PBS President and CEO Paula Kerger addressed the uproar surrounding “Sesame Street” and the recent decision to let go three of the show’s veteran cast members.
“‘Sesame Street’ is produced by Sesame Workshop, which is an independent production company, and the casting decision was made by them,” she said. “We did not know about it beforehand. We found out about it after.”
Longtime fans of the series were upset to hear that Bob McGrath, Roscoe Orman and Emilio Delgado had all been fired from the long-running educational program earlier this month. All three cast members had been with the show since the early ’70s.
Sesame Workshop released a statement on Thursday, assuring that the three actors will “continue to represent [‘Sesame Street’] at public events” and remain a part of the show’s “beloved family.”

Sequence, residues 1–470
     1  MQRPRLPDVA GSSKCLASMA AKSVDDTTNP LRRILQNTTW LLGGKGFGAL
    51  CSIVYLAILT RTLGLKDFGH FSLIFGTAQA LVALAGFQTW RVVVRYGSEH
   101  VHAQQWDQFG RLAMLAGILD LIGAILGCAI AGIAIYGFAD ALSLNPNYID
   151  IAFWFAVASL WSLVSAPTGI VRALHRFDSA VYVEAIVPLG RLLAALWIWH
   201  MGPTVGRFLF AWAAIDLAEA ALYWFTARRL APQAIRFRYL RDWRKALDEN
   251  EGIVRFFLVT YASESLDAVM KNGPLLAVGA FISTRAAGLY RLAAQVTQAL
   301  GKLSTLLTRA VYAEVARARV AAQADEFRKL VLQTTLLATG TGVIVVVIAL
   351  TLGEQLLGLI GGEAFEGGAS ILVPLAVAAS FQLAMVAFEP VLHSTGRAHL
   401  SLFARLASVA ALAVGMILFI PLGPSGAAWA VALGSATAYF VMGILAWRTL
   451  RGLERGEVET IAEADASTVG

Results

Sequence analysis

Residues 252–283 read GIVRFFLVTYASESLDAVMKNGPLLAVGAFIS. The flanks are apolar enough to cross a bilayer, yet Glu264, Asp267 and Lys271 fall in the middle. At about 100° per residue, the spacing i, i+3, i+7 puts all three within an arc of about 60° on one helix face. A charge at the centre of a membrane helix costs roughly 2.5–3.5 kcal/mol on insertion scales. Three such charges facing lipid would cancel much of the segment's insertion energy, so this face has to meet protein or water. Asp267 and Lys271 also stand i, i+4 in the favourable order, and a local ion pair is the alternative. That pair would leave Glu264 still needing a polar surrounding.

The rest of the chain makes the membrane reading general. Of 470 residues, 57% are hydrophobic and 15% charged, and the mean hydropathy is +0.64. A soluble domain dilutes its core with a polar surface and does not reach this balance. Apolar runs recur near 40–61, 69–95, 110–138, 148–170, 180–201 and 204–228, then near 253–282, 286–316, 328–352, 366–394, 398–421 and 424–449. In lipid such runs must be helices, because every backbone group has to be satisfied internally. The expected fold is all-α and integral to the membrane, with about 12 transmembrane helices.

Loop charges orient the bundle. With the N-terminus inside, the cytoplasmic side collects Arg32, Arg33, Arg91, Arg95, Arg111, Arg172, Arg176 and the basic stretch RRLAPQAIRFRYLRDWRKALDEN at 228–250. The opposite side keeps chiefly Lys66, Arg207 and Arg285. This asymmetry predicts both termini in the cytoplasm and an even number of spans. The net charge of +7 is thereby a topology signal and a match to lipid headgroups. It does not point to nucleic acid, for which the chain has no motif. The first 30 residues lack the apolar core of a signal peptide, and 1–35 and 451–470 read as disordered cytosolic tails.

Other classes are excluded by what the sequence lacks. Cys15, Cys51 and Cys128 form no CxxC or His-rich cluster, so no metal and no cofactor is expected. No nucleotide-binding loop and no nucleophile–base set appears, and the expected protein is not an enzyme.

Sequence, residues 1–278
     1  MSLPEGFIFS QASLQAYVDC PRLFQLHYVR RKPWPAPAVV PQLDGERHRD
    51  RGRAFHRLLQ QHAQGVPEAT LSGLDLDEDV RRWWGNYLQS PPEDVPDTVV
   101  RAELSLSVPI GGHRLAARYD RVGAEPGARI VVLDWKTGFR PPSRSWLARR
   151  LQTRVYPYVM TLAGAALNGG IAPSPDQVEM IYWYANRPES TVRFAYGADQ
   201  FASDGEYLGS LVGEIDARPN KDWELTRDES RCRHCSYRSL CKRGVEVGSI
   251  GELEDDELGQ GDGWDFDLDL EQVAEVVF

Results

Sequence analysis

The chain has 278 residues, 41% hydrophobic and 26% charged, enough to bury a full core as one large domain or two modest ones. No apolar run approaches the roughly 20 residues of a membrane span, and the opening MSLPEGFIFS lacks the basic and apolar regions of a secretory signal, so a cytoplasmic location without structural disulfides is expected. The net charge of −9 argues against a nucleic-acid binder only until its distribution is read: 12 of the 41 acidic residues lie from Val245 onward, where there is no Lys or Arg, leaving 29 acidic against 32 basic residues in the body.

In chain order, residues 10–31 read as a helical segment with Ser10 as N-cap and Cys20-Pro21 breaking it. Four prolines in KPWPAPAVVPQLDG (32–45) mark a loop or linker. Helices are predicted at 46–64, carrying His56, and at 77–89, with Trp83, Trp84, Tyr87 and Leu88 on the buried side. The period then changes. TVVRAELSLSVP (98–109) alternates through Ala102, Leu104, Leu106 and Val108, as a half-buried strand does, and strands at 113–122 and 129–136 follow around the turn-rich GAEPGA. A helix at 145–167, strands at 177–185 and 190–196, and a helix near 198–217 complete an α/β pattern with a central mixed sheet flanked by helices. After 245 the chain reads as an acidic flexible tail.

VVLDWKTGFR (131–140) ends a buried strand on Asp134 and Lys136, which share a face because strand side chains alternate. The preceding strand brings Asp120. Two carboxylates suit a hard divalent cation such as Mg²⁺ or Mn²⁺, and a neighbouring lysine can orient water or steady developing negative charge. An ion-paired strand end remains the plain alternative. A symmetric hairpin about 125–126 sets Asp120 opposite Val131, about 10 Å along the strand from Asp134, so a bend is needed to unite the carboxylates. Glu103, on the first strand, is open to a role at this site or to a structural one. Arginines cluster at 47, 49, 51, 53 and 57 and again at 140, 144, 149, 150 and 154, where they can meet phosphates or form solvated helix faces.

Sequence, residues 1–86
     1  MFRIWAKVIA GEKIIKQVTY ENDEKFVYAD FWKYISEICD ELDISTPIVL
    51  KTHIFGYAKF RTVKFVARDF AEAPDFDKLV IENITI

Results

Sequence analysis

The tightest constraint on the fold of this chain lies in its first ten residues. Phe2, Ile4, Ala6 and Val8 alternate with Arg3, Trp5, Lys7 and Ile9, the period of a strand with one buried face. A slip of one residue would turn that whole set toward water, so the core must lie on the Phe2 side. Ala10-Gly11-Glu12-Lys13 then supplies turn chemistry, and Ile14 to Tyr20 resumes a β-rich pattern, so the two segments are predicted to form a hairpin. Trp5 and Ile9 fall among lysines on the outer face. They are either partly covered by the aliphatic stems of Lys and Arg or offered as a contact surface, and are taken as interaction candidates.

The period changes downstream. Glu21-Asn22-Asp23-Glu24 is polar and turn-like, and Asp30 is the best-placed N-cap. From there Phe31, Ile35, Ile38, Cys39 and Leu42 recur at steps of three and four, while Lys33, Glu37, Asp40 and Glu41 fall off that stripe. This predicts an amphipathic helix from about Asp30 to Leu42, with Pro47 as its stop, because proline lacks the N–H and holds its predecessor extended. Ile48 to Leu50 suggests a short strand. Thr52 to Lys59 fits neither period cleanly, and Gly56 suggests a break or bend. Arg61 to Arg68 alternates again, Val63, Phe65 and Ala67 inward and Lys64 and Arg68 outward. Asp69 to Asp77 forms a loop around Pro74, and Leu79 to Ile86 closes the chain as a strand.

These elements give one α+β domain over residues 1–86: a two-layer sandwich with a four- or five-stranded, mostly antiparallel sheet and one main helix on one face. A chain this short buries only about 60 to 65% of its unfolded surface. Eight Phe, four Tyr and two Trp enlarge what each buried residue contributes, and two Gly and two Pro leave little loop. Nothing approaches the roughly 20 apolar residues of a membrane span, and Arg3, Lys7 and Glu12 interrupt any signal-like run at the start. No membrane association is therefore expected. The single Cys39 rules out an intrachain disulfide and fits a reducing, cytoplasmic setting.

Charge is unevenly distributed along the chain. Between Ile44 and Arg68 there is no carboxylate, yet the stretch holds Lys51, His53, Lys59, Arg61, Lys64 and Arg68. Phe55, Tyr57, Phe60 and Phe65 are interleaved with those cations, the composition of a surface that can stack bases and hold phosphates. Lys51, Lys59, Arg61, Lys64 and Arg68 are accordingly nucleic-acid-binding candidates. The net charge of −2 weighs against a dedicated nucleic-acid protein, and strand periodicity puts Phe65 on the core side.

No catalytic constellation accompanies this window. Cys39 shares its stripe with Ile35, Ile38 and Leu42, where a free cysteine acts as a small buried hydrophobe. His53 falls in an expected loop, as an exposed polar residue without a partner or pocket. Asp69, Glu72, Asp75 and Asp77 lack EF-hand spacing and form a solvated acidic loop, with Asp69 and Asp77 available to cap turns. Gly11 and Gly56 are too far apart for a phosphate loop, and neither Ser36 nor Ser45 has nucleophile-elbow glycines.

During her executive session on Thursday, Kerger walked the press through some of PBS’ upcoming programming and responded to questions. When she was asked about the presidential election, Kerger avoided weighing in beyond saying that she does not want PBS itself to again become a hotly debated issue, as it was in 2012.
“Not a place that we’ve ever been before, and not a place that I hope we will be in the future,” she said. “I think that was an unusual event that we were propelled into.”
Ultimately, Kerger said, PBS and its member stations aren’t just concerned with presidential politics.
“We are interested in the election, but we are also interested what happens in the House and the Senate,” she said, explaining that federal funding must be approved by both congressional bodies.
“All I can say is that from my perspective, what is important for us to do is to make sure that those who end up holding elected office understand what we do, who we are and the contributions that we make to civil society.”